PLANADVISER: You’ve conducted this survey for ten years. What are the top three or four insights from this version, and were there any surprises?
Nathan Voris: One theme that has come through before, and did again this year, is that people acknowledge that in a world of 401(k) plans, saving and investing for retirement is a personal responsibility. This year, we asked a new question: how much will you need to accumulate for adequate retirement income? The answer was $1.7 million, on average. Two conclusions come from that – that people have a sense of what their goals should be, and that they’re making reasonable estimates.
Secondly, it’s encouraging that even when many people are auto-enrolled and have their contributions set by default, they are engaged and informed.
Third, participants are going beyond just listening to what people are telling them and are seeking solutions over and above the defaults.
PLANADVISER: What proportion of people set their own contribution rates, and how many let the plan do it for them?
Nathan Voris: Just over half of the survey respondents, 55%, told us they were saving at a rate that they were comfortable with – but that doesn’t tell us a lot. About a third had set their contributions to get the full employer match, and 8% were simply auto-enrolled and at default rates. Those statistics reveal that for 45% of people, the behavioral finance built into defaults will determine their success in accumulating assets. A thoughtful plan design around default rates will work in the participants’ and sponsor’s favor.
Sponsors can implement a “stretch match,” where instead of matching employee contributions dollar for dollar up to 5% of pay, they match 66% up to 7.5%. That doesn’t cost the employer any more, but it does encourage participants to save 2.5% more of their own dollars. These aren’t new ideas, but if you implement them in a way that works, it can raise participation and saving rates.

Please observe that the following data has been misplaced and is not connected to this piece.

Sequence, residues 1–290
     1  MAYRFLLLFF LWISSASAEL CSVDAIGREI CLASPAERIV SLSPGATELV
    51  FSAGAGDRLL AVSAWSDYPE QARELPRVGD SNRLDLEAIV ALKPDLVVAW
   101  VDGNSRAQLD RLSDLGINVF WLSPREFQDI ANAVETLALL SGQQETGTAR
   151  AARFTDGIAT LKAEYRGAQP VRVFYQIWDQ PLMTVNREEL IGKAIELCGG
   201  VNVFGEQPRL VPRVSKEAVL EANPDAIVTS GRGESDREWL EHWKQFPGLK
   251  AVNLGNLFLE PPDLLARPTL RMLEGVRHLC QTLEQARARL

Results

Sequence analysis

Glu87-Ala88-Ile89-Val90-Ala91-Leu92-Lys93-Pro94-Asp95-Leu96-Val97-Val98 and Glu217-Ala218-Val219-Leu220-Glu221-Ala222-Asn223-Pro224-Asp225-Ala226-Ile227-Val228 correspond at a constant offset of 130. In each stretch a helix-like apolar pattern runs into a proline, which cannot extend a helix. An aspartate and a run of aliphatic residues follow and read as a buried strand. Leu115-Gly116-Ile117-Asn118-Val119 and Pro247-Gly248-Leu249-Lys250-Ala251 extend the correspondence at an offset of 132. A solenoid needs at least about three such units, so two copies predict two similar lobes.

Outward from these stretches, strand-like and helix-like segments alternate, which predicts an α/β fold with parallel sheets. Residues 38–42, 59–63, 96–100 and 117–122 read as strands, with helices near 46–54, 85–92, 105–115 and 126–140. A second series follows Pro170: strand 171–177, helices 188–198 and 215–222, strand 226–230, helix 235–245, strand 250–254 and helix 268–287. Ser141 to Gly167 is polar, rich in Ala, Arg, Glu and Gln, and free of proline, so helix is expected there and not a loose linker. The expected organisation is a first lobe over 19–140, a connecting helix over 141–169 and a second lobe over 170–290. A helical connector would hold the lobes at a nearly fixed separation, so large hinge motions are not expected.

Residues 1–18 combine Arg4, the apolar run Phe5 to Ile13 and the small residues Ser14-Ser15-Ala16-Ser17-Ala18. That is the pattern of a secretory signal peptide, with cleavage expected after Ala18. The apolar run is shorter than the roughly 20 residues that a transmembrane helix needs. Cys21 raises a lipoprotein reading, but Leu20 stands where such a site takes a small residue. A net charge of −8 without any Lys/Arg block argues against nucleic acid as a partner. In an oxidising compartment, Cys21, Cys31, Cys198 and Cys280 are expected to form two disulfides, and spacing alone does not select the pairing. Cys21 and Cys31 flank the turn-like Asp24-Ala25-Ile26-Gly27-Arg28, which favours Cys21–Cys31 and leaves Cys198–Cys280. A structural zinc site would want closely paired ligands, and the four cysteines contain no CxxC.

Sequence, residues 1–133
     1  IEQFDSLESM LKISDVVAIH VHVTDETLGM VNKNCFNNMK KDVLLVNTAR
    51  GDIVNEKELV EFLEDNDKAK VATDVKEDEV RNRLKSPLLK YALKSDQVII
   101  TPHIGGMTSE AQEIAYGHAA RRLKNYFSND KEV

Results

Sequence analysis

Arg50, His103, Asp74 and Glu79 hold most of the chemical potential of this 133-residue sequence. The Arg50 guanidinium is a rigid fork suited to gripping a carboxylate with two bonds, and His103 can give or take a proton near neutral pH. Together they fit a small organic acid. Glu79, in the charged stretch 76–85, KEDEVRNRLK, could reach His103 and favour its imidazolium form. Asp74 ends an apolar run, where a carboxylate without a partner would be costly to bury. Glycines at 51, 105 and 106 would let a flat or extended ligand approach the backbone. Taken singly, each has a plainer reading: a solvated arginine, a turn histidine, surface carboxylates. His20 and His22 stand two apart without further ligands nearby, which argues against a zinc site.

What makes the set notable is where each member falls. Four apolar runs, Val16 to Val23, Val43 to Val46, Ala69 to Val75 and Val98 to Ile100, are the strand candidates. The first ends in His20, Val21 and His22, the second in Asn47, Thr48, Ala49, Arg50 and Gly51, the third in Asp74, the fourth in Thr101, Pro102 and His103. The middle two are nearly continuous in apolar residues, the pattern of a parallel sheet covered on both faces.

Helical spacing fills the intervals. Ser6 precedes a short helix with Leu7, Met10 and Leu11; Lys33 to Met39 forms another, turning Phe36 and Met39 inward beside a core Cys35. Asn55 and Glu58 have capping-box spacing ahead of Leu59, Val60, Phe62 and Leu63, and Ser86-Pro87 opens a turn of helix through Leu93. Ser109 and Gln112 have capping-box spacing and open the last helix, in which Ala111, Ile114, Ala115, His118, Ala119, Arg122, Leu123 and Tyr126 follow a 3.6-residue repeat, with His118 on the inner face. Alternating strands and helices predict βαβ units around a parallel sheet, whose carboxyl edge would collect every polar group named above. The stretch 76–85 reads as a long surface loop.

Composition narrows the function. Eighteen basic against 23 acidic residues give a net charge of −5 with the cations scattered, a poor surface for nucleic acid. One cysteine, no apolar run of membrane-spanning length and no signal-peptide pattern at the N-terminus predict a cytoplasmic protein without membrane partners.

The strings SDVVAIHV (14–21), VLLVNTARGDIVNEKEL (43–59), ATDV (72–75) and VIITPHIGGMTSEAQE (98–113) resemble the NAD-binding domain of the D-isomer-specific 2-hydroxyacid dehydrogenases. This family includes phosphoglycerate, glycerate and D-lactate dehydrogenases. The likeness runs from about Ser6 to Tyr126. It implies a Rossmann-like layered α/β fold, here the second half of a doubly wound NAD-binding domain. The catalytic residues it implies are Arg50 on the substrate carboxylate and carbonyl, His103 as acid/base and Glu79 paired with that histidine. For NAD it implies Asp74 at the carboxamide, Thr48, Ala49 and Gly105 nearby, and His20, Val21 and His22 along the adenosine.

PLANADVISER: Did this survey tell you anything new about participants’ use of plan advice and coaching?
Nathan Voris: Industry-wide, about 85% said, “I would be comfortable asking for advice,” but only 52% feel their situation warrants financial advice. We believe everyone can benefit from receiving advice, and 95% of survey respondents said they would be confident making 401(k) investment decisions if they had help from a financial professional.
Retirement calculators are another option to deliver guidance; however, a calculator is only as good as the actions it prompts. Of those who have used a calculator, 71% felt encouraged and wanted to learn more, and 61% took positive actions related to their finances, such as increasing 401(k) contributions, changing spending habits, or accessing online advice.
We’ve come a long way since 2006 and the Pension Protection Act, but there is still basic blocking and tackling to be done – on saving rates, budgets, and all those things we know are important. Plan design can certainly help drive outcomes, but as an industry, we still have work to do.
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Source: Schwab Retirement Plan Services, Inc. 401(k) Participant Survey, 2019.